Nowadays, the Svan towers are protected buildings and some are open as museums. Many are privately owned, and houses have been built alongside them, but the owners welcome tourists to climb their tower and have a look around for a small fee!

We visited the Niguriani Tower Museum.

On the ground floor, there was an interesting mix of taxidermied animals and farm equipment, and then a network of ladders ascended through the floors (many of which are now used for storage) to the top. 

We stopped halfway (the ladders were a little hair-raising!) but still took in a magnificent view from one of the windows. 

There are signs outside the Niguriani Tower Museum stating it’s open until 11 pm and we paid the man who showed us around 5 GEL each to ascend the tower (cash only). 

Margiani’s House Museum, which sits on a hill above the city, is also visitable, although we didn’t make it to this one (more on that below!).

4. Walk around the city centre

A dog lying on a snowdrift beside a river with a bridge in the background, overlooked by homes and mountains in Mestia, Georgia.

Surrounded by mountains, Mestia has a postcard-perfect city centre and one of my favourite things to do in the town was just to amble around and snap some photos of the churches, peaks and the river. 

One note of caution when exploring the centre – there are many cows and dogs. The dogs all seemed very friendly, although if you’re nervous about dogs some of them are a little over-friendly at times! 

The cows generally minded their own business, unless you try to go past them and they don’t want you to!

I was lightly headbutted in the arm by a cow when trying to walk past one to get to the Margiani’s House Museum.

Unfortunatley, that was the only road to the tower so I was unable to go and see it! 

5. Svaneti Museum of History and Ethnography

The Svaneti Museum of History and Ethnography, standing against a snowy backdrop.

Discover Svaneti culture and history at the iconic Svaneti Museum of History and Ethnography!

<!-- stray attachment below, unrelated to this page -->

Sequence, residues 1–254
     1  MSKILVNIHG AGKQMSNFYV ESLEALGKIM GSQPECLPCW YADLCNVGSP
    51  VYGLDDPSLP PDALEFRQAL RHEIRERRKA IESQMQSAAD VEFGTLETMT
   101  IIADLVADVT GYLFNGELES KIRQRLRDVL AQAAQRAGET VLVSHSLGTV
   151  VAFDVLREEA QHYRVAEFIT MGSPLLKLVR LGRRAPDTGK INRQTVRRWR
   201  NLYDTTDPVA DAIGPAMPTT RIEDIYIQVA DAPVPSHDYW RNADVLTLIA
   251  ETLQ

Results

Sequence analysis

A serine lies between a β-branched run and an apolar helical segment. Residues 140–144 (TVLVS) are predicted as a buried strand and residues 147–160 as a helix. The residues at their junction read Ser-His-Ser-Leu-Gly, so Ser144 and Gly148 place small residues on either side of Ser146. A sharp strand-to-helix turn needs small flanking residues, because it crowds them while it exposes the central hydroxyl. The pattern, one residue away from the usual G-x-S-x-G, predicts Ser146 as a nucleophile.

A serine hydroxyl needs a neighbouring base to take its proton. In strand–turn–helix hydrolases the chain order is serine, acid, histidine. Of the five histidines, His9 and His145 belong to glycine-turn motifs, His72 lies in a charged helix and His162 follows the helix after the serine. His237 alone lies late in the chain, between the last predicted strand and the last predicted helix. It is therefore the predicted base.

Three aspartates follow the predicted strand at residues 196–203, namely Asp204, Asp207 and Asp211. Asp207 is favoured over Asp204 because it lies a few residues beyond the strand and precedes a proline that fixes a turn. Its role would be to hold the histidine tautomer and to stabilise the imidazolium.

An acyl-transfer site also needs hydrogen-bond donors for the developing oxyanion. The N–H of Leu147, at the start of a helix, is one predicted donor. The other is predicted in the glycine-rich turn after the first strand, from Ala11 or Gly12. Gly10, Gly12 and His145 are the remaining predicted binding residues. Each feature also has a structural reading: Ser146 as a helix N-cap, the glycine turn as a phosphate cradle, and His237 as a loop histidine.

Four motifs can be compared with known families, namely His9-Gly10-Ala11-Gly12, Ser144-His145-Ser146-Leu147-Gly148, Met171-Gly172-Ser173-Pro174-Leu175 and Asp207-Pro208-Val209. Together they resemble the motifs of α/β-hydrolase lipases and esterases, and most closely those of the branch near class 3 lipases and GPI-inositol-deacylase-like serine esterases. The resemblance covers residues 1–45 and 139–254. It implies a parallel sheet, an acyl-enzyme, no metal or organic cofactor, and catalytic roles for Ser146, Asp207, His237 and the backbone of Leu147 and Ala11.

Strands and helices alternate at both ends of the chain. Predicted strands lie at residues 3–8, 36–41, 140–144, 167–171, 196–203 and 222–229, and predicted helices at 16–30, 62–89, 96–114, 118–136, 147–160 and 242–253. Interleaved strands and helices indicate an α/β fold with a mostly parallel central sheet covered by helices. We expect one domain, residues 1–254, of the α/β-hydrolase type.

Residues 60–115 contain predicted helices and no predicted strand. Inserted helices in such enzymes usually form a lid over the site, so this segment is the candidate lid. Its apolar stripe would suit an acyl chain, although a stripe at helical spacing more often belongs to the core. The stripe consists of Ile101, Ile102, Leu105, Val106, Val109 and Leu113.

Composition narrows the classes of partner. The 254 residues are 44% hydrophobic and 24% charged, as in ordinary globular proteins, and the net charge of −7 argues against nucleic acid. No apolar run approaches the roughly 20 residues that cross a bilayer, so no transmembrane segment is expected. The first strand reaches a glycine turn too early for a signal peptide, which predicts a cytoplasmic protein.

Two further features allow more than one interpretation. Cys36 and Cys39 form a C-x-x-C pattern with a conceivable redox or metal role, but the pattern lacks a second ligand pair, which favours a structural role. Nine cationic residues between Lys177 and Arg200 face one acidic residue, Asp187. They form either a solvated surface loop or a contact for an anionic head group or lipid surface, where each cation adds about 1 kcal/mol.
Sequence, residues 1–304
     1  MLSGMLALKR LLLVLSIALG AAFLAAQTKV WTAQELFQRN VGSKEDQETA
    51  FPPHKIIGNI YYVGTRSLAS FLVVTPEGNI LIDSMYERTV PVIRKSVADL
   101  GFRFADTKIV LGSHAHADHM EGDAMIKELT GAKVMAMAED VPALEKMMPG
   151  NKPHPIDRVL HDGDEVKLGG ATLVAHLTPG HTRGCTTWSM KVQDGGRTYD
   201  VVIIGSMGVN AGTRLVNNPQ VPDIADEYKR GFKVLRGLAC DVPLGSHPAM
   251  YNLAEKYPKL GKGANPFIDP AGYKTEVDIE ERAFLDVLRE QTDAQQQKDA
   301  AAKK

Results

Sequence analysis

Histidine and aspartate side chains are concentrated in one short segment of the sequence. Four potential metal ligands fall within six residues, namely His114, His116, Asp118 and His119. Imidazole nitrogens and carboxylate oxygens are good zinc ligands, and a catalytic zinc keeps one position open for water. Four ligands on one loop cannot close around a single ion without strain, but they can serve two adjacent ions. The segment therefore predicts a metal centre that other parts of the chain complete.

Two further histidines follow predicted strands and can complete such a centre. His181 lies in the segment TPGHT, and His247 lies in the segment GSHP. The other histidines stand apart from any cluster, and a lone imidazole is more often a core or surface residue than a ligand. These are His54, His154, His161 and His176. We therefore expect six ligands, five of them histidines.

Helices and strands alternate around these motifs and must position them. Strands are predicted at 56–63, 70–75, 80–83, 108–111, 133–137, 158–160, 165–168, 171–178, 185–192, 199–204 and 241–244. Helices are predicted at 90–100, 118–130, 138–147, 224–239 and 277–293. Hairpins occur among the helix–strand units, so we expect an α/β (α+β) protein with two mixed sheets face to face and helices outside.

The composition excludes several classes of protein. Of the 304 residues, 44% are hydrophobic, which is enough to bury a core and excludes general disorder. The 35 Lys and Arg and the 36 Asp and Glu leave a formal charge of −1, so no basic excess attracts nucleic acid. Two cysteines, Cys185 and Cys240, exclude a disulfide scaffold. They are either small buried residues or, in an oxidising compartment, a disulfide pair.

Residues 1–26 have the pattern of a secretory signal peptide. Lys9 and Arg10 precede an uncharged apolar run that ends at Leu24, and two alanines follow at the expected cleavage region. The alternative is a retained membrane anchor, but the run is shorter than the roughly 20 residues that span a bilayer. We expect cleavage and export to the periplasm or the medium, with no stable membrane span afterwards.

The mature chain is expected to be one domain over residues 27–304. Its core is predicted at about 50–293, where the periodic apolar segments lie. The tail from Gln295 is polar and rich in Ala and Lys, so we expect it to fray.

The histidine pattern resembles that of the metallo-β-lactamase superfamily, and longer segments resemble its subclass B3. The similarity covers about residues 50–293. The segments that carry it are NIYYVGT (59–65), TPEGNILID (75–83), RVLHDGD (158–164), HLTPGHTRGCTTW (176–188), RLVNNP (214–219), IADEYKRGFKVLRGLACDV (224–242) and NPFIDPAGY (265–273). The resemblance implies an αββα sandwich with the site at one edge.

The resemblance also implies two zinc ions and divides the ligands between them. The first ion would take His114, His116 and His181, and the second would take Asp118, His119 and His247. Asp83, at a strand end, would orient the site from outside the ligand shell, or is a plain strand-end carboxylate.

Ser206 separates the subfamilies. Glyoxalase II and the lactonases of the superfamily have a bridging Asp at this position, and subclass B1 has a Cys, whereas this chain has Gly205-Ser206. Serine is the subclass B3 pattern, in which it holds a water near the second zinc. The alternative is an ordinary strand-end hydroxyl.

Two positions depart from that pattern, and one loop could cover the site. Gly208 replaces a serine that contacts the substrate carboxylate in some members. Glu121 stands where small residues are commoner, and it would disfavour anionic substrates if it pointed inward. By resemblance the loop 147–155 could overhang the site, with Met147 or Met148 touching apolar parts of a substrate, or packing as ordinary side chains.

This museum – which is very extensive for a small town – details all you need to know about ancient archelogy in Svaneti, proof of its trading with places as far-flung as Syria and Egypt and the first influences of Christianity here. 

You’ll learn about how not only did Svaneti’s unique culture develop but also how it was impacted by surrounding areas. 

Georgia Travel calls the Svaneti Museum of History and Ethnography “one of the largest treasuries of Georgian history” and here you can get a real sense of Svaneti’s richness as a Georgian region.

6. Culinary masterclass at Lali’s Guesthouse 

An outdoor cooking scene with bowls, jars of condiments, and a group of people preparing food on a table with a floral tablecloth.

A short drive from Mestia is the village of Latali where, at Lali’s Guesthouse, Lali Nikoloziani offers culinary masterclasses. 

Here, you’ll learn to make different types of Svanetian cuisine – while some of these dishes are similar to meals you’ll find elsewhere in Georgia, others have striking differences.  

Reach out online for more information about these masterclasses and the food that they serve at the restaurant.

7. Felt hat-making workshop 

Some of our group went to a felt hat-making workshop at Maia’s Guesthouse in the nearby Chvabiani village.

At this traditional guesthouse, you can dive deep into Svan culture through this three-day felt hat-making workshop. There’s also plenty of local food, music and culture!

8. Day trip to Ushguili 

I didn’t actually make it to Ushguili, which is the highest permanently settled village in Europe and a UNESCO World Heritage Site

Others from the group went on a day trip there from Mestia (journey time around 2 hours each way), but I was still feeling nervous about getting back in the car after our eventful journey to the region! 

Those who did drive to Ushguili reported the road to be fine (although there is a risk of avalanches here too) and the village to be beautiful. 

If you’re happy to make the trip (please do check with a few locals about the state of the road when you’re in Mestia), buses depart from the Mestia bus station close to the Posta Hotel. 

And take a look at my partner’s post about Ushguili for more information (he visited the village back in 2016).

9. Try Svan or Georgian food in the town’s restaurants

Interior of a cozy restaurant in Mestia, Georgia, with walls and ceiling covered in signatures and notes from visitors, Georgian flags, and pictures of mountainous landscapes.

Georgian cuisine is undoubtedly one of the most underrated in the world (check out my TikTok about it!), and there are plenty of spots to sample it in Mestia.

You could also try out some local Svan food, including:

  • Kubdari: a stuffed meat pie (like lobiani but with meat)
  • Tashmijabi: cheesy mashed potatoes (that taste a bit like polenta)
  • Chvishtari: cornbread with cheese

Some of the best restaurants in Svaneti are actually at the hotels. We dined at Hotel Paliani (where we stayed) every night and enjoyed their extensive menu and atmosphere.

Posta and Gistola also offer comprehensive menus.

In town, Cafe Laila serves a diverse menu with lots of salads, bread, meat dishes and veggie options in a graffiti-inspired interior.

10. Stay in town for Lamproba

“One of the most interesting things about Svaneti is the Lamproba festival”, Miriam, the receptionist at my hotel, told me.